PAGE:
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346: “Loran’s Dance” by Idris Muhammad

To be happy is to be able to become aware of oneself without fright.
-Walter Benjamin

Song: Loran’s Dance
Artist: Idris Muhammad
Album: Power of Soul
Label: Kudu

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340: “Mercy, Mercy, Mercy” by Cannonball Adderley

Not alone, just tiny.Uncle Funk, a self-made man, first faced adversity when he shot out his daddy’s tubes and had to struggle his wiggly little ass onto that elusive egg.

And if just one little wiggle hadn’t happened exactly like it did, I’d be a whole different man with entirely different words to say to himself.

Those wiggles I wiggled were the first of an infinite number of transactions that brought us to this point in the kaleidoscopic infinity of alternatives.

I’m here. You’re also here.

Hi.

You and I… well, we’re still wiggling by instinct toward some unknown end, but we wigglers are growing more scarce.

People ain’t wiggling much anymore… Like they’re not trying to get anywhere.

Adversity these days is to keep wiggling when we’re all alone, where the distance between worlds is still measured in tiny efforts.

Go on and get you somewhere. You ain’t alone.

(You’re just tiny, and going against the flow in a self-made craft, through a sea of decisions that aren’t your own, and sometimes need to be reminded you can make it.)

Song: Mercy, Mercy, Mercy
Artist: Cannonball Adderley
Album: Jazz Profiles: Cannonball Adderley
Label: Blue Note

333: “1612” by Vulfpeck featuring Antwaun Stanley

Play it so good you want to get down and crawl.I had this 333 post all ready before today, with a story about the future, wherein President Matthew McConaughey, who is also a mad scientist, invents a thing the world has always needed, called the Empathy Cannon. It is a gun about the size of a doberman, and with it, one can bestow instant and absolute empathy for one’s condition upon the victim of the aptly named (I named it) Empathy Cannon.

But this morning I was overtaken by the Vulfpeck. Jack Stratton on everything, Theo Katzman on guitar and drums, Joe Dart on the bass, and Woody Goss on keys. This one features the astounding voice and emotive gesturing of Antwaun Stanley, riffing with righteous soul on the PIN code to his heart and Ford Motor products. I love this song so much I think I will just invent the Empathy Cannon myself, so I can show people what it does to me.

And as the Empathy Cannon fires its last, and falls from his dying grasp, President McConaughey mutters, “1612.” And EVERYONE GETS IT.

Enjoy.

Song: 1612
Artist: Vulfpeck, Featuring Antwaun Stanley
Album: Fugue State
Label: Vulf Records
Buy from: Vulfpeck.com
Watch: YouTube

328: “The Rich (And The Poor)” by Keith Jarrett

Can you smell it?

from arttattler.com

What can YOU do with your body? Yeah, maybe you can jump. Maybe you can dance. Maybe you can do everything it takes to live a transcendental life in a material world.

But can you sneeze just by thinking about it? Probably not. You most likely have to tickle your nose or pluck a nose hair to elicit a sneeze from your body machine.

In a sneeze event, your body takes control and makes some serious, multiple-horsepower adjustments to your run-of-the-mill exhalation. It’s your body’s involuntary, evolutionary, survival reflexes that make your superhuman sneeze an everyday event… caused by a simple, tickling trigger. Which begs the questions:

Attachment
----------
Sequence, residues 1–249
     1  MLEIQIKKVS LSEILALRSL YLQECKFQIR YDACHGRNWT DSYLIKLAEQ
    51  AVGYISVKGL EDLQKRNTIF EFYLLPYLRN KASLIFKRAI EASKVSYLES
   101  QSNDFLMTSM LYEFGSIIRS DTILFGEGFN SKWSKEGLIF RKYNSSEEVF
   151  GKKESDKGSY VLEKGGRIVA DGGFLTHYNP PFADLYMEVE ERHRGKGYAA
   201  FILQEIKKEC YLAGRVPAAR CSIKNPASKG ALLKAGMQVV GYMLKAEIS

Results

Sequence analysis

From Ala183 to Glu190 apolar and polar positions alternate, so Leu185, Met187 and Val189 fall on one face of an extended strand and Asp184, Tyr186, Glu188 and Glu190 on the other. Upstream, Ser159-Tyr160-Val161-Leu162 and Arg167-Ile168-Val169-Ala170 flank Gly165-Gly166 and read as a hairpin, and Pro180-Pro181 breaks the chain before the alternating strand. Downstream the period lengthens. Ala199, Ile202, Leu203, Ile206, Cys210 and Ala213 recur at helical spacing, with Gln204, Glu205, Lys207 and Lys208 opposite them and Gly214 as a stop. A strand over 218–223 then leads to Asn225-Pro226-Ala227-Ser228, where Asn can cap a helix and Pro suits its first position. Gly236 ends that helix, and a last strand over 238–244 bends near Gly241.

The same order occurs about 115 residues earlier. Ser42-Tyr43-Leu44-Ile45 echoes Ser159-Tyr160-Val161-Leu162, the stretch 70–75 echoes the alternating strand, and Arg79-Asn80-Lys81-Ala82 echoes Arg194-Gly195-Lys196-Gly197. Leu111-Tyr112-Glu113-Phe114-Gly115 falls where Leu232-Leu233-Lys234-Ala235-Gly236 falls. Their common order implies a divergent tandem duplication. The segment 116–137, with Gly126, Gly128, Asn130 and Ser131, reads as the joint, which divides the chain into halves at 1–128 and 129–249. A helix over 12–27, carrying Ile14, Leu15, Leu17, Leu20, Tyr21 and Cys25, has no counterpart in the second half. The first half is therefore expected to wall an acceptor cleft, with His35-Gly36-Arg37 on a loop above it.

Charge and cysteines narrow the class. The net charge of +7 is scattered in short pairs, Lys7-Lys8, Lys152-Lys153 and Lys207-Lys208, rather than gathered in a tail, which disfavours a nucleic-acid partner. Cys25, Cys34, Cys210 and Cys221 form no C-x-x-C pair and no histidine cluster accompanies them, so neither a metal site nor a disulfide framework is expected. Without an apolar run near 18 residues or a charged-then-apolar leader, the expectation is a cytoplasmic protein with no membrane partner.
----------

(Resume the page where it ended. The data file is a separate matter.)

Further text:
What else could you achieve with this body you wear,
if you knew how to tickle out other “sneeze events” from it?

Could you lift a car?

Could you leap higher than holy globbit?

Could you make the world around you a better place with your attitude, your effort, and your smile?

Could you do what you couldn’t do before, because you didn’t have the strength?

I think you could. And I think we can.

We need to tickle our metaphorical nose hairs, and pluck a few if we’re desperate! Because there is secret power inside us all, inside our body machines and inside our mind machines. Our role model is as familiar as the noses on our faces and faster than a speeding locomotive, excluding the mag-lev ones.

What kind of sneezes are inside you, just waiting for the right tickle?

~~

Bullet: Here’s a classic Keith Jarrett track that I groove to while I center my Chi and eat Krystal burgers with mayonnaise fries. It’s called “The Rich (And The Poor)” and rigorous, independent lab tests concur this song encourages healthy digestion with clean, liberating movements.

Bullet: Here’s a list of the elements resulting in the eruptive exhalation called “Treasure Island (1974): Keith Jarrett played piano. Dewey Redman played tenor saxophone. Charlie Haden played bass. Paul Motian played drums & percussion. The surging plume is superhuman. Listen closely to hear Keith letting go of some woo’s during his piano solo between the 2 and 3 minute marks.

Bullet: Enjoy.

Song: The Rich (And The Poor)
Artist: Keith Jarrett
Album: Treasure Island
Label: GRP
Buy from: Amazon | iTunes
Listen: MOG | Rdio | Spotify | YouTube

325: “Ahmad’s Blues” by Ahmad Jamal

Ahmad Jamal contemplates you reading this.Ahmad Jamal is standing in a white shirt and loose brown pants, looking into the distance. He is thinking about what might happen to him when he dies. You see, he’s decided he’s not swallowing just any old jazz someone throws him about what’s going to happen to sweet, sweet Ahmad when he kicks the bucket.

In truest fact, Ahmad is now cresting a jagged hillock, his linen clothing stirring in the tropical breeze, considering whether or not the afterlife might be a lot crazier, even, than the wildest tales of heaven or hell.

Ahmad sits down at a piano resting atop a geometrically unfathomable mountain peak on a violently verdant isle.

Maybe everyone gets their own version of an afterlife, based on their expectations and/or demeanor at point of exit.